Could someone enlighten me?  To me, I feel as if you're doing a review "for the people", so to speak, then you should do it to "reach the people" as easily as possible.  To give an extreme example, if I want to educate people globally about proper hygiene, I'm not going to make a 4K video, because most of the people who need educating about hygiene wouldn't even have television.  Again, a bit extreme as an example, but just trying to drive home the point and see if anyone could explain to me why these types of reviews are unfortunately so common.

I understand your point but there are lots of people who would rather watch a review than read. Perhaps.

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Re: RLPhotos first impressions of the 16-35mm f/4L - Video
« Reply #11 on: July 03, 2014, 12:58:52 PM »
Ramon, first of all, I think your profile pic is awesome man, great job and cool perspective. What camera did you create this video with? Thanks, Eric.
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Re: RLPhotos first impressions of the 16-35mm f/4L - Video
« Reply #12 on: July 03, 2014, 01:06:18 PM »
Okay, I know this is going to come off as assholish to sensitive people, but I don't mean it that way, I'm just really curious why some people do reviews like this.

I have a feeling people like to hear themselves talk or see themselves on video.  This review could have easily been done as a simple web page or even PDF.  We are coming to a time when the bandwidth we use may be regulated or charged per usage, so it only makes sense to do it in web page format to reach the maximal audience.  Secondly, a written review could be read quicker, as well as if you were only interested in a certain aspect, you wouldn't have to sit through the whole video, you could just scroll to the appropriate section.  With a video, I either have to suffer through the whole thing, or just not watch it and then miss out on important points.  If I'm at work, I can't watch thirty minutes of video, but I can sure read a written review.

Could someone enlighten me?  To me, I feel as if you're doing a review "for the people", so to speak, then you should do it to "reach the people" as easily as possible.  To give an extreme example, if I want to educate people globally about proper hygiene, I'm not going to make a 4K video, because most of the people who need educating about hygiene wouldn't even have television.  Again, a bit extreme as an example, but just trying to drive home the point and see if anyone could explain to me why these types of reviews are unfortunately so common.

First, to RL, I'd like to say I thought your videos, especially the second one on IQ, were well done and I found the side by side comparisons compelling. While watching the video, I kept thinking how glad I am that I decided against buying either the 17-40L or the 16-35 f2.8 II. After reading other reviews and seeing this video, I know it's not a matter of if I will buy this new lens, but when.

As for Souless' question, I too generally like printed info over video for some of the reasons you stated, but I'm in the baby boom generation. We had a discussion about this at a training class at my office last week and we were told that videos are preferred to print by the younger generations. Of course this is a generalization but I find it a better explanation than people like to hear themselves talk or see themselves on video. (One could also say writers love to see their words in print.) Also, perhaps the reviewer feels more comfortable with the medium of video than writing a review. And, finally, I think there is room for both print and video reviews as each have their own strengths. In this case, as I said, the video comparisons were compelling and even more so than just a printed review. It's one thing to say something is sharper, it's another to see it. Hope my explanation helps.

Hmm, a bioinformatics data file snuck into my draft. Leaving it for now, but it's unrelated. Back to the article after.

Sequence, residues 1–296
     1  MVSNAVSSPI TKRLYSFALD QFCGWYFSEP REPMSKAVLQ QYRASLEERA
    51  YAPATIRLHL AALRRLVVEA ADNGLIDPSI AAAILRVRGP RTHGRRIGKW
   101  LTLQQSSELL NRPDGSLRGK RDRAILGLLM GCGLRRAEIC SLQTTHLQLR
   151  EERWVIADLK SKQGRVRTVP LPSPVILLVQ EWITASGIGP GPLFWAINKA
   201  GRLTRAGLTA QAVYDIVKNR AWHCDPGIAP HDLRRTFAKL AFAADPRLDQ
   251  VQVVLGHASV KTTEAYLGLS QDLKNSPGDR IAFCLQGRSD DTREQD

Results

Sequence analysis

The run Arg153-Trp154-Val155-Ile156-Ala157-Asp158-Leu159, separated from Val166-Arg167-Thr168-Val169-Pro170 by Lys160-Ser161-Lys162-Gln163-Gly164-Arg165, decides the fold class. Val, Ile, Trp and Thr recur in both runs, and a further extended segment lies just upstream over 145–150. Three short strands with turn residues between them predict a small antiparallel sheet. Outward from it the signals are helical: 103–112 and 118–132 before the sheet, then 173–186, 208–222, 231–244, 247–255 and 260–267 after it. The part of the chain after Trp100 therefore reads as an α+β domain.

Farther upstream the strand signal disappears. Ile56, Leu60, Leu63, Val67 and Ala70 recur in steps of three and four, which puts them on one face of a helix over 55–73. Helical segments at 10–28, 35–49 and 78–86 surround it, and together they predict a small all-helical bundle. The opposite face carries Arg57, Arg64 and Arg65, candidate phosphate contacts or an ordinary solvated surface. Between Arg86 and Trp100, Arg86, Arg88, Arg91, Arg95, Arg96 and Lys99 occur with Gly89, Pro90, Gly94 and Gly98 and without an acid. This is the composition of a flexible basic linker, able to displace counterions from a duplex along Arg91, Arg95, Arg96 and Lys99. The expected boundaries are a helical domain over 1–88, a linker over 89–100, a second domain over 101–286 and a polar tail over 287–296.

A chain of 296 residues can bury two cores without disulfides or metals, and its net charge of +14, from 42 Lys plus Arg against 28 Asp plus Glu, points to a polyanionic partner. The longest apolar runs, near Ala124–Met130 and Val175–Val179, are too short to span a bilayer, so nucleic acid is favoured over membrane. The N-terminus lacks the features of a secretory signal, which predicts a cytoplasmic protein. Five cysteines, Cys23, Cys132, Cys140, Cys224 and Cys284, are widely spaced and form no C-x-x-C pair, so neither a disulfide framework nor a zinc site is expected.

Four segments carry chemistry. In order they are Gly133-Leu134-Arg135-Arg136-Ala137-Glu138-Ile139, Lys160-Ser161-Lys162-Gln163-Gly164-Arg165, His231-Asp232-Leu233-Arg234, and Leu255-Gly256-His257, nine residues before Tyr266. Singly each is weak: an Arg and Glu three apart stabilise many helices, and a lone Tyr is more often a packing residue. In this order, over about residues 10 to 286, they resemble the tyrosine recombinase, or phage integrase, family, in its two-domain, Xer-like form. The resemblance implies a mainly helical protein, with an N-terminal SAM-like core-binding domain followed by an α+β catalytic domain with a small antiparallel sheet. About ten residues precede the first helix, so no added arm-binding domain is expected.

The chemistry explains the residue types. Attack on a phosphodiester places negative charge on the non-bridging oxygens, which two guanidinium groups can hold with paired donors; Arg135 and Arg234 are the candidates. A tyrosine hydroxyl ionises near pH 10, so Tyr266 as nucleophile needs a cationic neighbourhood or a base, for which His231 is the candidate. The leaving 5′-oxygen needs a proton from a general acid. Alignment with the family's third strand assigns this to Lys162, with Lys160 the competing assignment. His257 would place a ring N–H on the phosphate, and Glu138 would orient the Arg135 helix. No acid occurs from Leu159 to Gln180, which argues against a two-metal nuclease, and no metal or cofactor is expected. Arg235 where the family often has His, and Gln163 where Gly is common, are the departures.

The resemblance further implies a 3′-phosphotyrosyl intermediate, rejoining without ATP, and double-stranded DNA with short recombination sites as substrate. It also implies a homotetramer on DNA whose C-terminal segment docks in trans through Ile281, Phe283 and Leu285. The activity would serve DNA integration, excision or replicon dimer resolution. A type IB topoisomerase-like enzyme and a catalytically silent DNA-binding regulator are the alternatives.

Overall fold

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Re: RLPhotos first impressions of the 16-35mm f/4L - Video
« Reply #12 on: July 03, 2014, 01:06:18 PM »

mackguyver

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Re: RLPhotos first impressions of the 16-35mm f/4L - Video
« Reply #13 on: July 03, 2014, 01:26:58 PM »
I generally prefer to read/see comparisons like this on a web page, too, primarily because it's faster, but I think RL did a nice job.  I'll admit to sighing a bit when I saw it was around 30 minutes long, but I respect RL and wanted to give the video a chance.

As I watched the video, I realized the advantages.  By scrolling around as he narrated, his comments were directly related to what was on screen.  There was no scrolling back & forth to wonder if the words were about the photo above or below them, and I was able to hear his detailed thoughts while he zoomed in and pointed them out.

RL has given me a new appreciation for these types of videos, but I think that has less to do with the format and more to do with how well he put it together and the fact that he is offering intelligent opinions when he speaks.

RLPhoto

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Re: RLPhotos first impressions of the 16-35mm f/4L - Video
« Reply #14 on: July 03, 2014, 02:15:25 PM »
Thank you for all for the comments and the feedback.

I tried blogging but it's more frustrating than vlogging. I think this is a better format for me to use. I understand how tediously long a video can get when doing something technical like comparing lenses but it's hard to make a video brief when doing.

In reality, I compared two lenses on two bodies, at all apertures, plus added IS tests and my opinions in under 30 minutes on video. I'm very satisfied at managing that.

Still, most of the time it's better to view this on a stills webpage but I like the connection that can be made through video.

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Re: RLPhotos first impressions of the 16-35mm f/4L - Video
« Reply #14 on: July 03, 2014, 02:15:25 PM »